There’s no use sugar-coating it—no one in Paradise can stand Savannah Horne. The former local girl is now the trophy wife of a ridiculously wealthy businessman. And she’s swept back into town just in time to enter Divinity’s Tenth Annual Confectionary Competition—and stir up trouble. But some poisoned bon-bons will guarantee that Savannah won’t make it out of Paradise alive, trapping Abby in an extremely sticky situation…
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“I can’t believe she had the nerve to show up.” My cousin Karen kept her eyes riveted on the dark-haired woman across the room and shoved an empty tray in my general direction. It teetered precariously on the edge of the table and would have fallen if I hadn’t snatched it away from her. “What is she doing here, anyway?”
I slid the tray onto a shelf beneath the flowing white tablecloth that hid extra containers of candy, score sheets, programs, and the other necessary but unattractive supplies for running a three-day candy-making competition. I’d been up since five that morning and running non-stop all day as I dealt with a litany of questions, complaints and problems. I was in no mood for trouble now.
Somehow we’d managed to turn the drab second-floor meeting room of Divinity into a thing of beauty. Swaths of flowing fabric draped the walls. Crisp white cloths covered tables in the judging and staging areas. Silver trays loaded with specialty candies nestled among pine boughs and the burgundy velvet bows Karen and I had stayed awake most of one night to make. I was proud of what we’d achieved.
Even the weather was cooperating. Snow falling outside the windows added just the right touch on a January night. I just hoped no one snooped around behind the scenes where piles of raw wood and construction equipment had been left behind by my brother and his friends after they rebuilt the stairs to my third floor apartment.
The look on Karen’s face made nervous tension knot between my shoulders and shot a big fat hole in my satisfaction with a job well done. This might be the Tenth Annual Confectionary Competition for Divinity, the candy store I’d inherited a few months earlier, but it was the first time around the block for me. I was nervous as a cat and desperate for the weekend to go well. Karen was my only help, the one person who could provide the continuity and history the contest needed. I needed her to stay focused.
I gazed around the room, checking the judges, heads together as they debated their final decision, then moving on to the contestants who waited anxiously for the announcement. The winner of tonight’s round would be one-third of the way toward scoring the grand prize on the final night—five hundred dollars in prize money and a month in the featured candy spot at Divinity, not to mention a lovely engraved plaque. It wasn’t the largest or most prestigious prize in the world, but the ladies who entered the contest every year competed for it fiercely.
Satisfied that everything was going well, I tried to divert Karen’s attention away from the woman she’d been glaring at all night. “Does everyone know what time to be here tomorrow?”
“Of course.” Karen brushed an auburn curl from her forehead, but it fell right back into place. “I told everybody—even people I shouldn’t have.”
There was no mistaking who she meant, but I ignored the bait and arranged a few pieces of almond bark on a silver tray. “Good. Just as long as every one of the contestants knows, I’m happy.”
“Well, I’m not.” Karen shoved her hands into the pocket of her apron and planted herself directly in front of me. Karen’s a few years younger than my own thirty-nine, and she’s never been afraid of a fight. She’s also skinny as a rail—something I think is unnatural on a candymaker. “You shouldn’t have let Savannah Vance enter the contest, Abby. There’s going to be trouble.”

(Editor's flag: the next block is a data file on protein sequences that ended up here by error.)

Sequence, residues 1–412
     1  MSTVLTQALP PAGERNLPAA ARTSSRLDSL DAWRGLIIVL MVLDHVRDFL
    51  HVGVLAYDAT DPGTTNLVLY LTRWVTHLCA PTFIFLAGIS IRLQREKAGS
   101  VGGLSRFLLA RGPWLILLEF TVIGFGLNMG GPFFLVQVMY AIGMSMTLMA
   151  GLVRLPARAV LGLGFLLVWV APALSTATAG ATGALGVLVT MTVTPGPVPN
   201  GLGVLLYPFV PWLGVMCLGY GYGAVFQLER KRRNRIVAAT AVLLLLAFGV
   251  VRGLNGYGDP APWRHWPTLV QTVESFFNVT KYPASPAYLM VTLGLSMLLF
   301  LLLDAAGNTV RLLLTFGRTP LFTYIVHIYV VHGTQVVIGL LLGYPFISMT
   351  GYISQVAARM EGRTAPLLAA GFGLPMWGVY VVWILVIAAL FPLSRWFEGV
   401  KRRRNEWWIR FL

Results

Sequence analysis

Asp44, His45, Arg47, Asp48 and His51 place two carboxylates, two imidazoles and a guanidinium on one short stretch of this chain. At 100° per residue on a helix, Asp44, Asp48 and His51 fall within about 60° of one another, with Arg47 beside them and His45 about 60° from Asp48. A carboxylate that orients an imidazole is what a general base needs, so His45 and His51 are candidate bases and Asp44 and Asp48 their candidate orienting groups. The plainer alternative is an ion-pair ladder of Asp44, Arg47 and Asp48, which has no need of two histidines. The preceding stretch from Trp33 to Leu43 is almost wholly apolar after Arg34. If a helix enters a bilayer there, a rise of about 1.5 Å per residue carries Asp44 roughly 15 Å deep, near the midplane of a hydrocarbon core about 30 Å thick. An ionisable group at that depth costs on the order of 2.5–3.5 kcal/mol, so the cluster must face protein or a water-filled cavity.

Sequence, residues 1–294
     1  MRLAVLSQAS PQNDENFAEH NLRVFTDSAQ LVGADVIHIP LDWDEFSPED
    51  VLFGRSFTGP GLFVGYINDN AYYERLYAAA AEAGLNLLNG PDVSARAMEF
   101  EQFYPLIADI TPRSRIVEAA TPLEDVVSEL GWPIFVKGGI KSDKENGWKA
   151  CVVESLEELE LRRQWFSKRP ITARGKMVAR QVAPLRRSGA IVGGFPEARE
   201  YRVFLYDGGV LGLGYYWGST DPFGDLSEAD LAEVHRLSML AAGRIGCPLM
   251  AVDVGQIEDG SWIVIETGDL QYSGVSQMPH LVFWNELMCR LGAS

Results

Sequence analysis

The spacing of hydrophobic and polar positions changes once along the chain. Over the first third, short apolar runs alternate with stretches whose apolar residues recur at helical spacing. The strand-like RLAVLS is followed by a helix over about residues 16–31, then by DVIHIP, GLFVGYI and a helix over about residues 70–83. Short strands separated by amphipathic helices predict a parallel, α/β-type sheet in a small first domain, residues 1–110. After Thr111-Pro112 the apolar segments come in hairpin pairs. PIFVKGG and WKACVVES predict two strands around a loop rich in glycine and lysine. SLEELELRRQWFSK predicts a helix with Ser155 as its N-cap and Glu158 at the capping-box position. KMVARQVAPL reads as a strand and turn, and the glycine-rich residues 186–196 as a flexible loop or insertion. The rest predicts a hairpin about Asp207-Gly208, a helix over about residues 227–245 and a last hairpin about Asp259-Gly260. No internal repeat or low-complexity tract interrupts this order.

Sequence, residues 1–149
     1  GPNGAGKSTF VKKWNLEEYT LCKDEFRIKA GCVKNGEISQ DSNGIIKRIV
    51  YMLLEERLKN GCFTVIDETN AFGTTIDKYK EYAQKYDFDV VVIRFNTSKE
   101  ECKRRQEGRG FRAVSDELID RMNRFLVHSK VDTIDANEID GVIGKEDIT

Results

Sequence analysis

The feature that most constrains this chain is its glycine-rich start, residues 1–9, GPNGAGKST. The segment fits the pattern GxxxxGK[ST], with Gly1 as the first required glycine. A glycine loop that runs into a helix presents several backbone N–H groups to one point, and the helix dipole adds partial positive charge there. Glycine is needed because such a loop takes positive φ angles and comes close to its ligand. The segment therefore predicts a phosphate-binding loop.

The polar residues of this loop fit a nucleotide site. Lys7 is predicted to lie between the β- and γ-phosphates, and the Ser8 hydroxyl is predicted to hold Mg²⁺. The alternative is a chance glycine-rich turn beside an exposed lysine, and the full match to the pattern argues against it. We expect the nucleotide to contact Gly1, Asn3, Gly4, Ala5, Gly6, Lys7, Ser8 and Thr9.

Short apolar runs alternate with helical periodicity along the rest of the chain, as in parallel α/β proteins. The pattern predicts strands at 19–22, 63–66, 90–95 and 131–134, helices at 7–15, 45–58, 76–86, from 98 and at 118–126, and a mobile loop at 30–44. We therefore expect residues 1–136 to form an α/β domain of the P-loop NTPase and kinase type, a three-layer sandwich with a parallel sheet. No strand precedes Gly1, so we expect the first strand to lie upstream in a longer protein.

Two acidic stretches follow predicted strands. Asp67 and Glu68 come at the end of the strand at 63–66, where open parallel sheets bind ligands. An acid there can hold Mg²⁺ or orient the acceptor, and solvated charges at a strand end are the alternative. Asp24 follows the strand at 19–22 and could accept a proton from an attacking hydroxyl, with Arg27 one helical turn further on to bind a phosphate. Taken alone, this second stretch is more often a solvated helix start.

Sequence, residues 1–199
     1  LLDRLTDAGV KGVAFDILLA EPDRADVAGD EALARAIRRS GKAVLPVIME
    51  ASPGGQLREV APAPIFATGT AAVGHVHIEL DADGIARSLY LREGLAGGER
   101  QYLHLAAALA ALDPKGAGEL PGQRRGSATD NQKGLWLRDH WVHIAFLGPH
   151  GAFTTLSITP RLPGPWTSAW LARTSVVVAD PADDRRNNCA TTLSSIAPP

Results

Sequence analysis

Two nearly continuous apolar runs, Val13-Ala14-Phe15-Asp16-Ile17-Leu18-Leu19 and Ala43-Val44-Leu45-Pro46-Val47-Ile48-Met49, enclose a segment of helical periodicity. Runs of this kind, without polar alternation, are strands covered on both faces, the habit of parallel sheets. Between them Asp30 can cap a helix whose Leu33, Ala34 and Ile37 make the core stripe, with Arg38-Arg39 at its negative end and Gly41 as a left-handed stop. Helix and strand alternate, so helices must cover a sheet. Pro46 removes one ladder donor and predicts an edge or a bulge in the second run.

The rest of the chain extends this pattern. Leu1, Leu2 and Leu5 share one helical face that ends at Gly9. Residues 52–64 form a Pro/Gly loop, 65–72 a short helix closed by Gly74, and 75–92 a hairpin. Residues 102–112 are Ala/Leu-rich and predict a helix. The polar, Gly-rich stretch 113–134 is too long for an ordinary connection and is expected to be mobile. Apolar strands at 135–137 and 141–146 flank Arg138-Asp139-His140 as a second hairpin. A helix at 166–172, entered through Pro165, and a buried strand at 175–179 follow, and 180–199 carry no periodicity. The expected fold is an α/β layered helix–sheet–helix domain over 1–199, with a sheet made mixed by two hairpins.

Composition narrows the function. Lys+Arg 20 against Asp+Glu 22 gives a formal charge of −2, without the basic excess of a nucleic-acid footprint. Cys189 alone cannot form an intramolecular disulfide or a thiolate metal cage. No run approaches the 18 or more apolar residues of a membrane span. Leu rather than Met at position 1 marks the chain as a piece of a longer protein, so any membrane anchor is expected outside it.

I’d gone to high school with Savannah way back when. She’d been Vance then, but her married name was Horne, and she’d made it very clear that she wanted me to use it. I’ll admit she’s never been my favorite person. But twenty years have passed since we knew each other, so I gave a casual shrug and looked away. “Her registration fee is as good as anyone else’s.”
“Yeah. Right.” Karen laughed through her nose and narrowed her eyes. “Savannah doesn’t compete. She just takes whatever she wants. She’s up to no good, Abby. Mark my words.”
“Let’s not borrow trouble, okay?” I smiled and turned away to continue my inventory. To my relief, most of the silver candy trays were still reasonably full, and the candy bouquets I’d settled in strategic spots, hoping to convince people that they were an acceptable alternative to traditional flowers on special occasions, seemed to be generating some interest.
So far, so good.
When I turned back, it was painfully obvious that Karen wasn’t going to give up, so I reluctantly dragged myself back to the conversation. “Maybe Savannah was like that in school,” I said, “but that was twenty years ago. People change.”
Karen ran a judgmental glance across Savannah’s tall, willowy figure and scooped a peppermint crunch from the candy dish at her side. “No they don’t. Especially not people like her.”
It wasn’t like Karen to be so negative. “How can you be so sure?” I asked. “You haven’t even seen her in how long?”
“Not long enough.”
“And you told me yourself that you didn’t even speak to her last time she was in town.”
Karen’s brows knit in a deep scowl. “So what’s your point?”
“That maybe she’s doing exactly what she told us she’s doing. Maybe she came to see her sister and settle her mother’s estate, and maybe she just wants a diversion while she’s in town. Can we please stay focused on what’s important here?”
“This is important,” Karen said with a curl of her lip. “It’s the middle of ski season. There are plenty of other diversions Savannah could find if that’s what she wanted.”
Her bitterness surprised me. “What do you have against Savannah, anyway?”
Karen rolled her gaze toward me. “You want the whole list, or just the top ten things?”
“One would do.”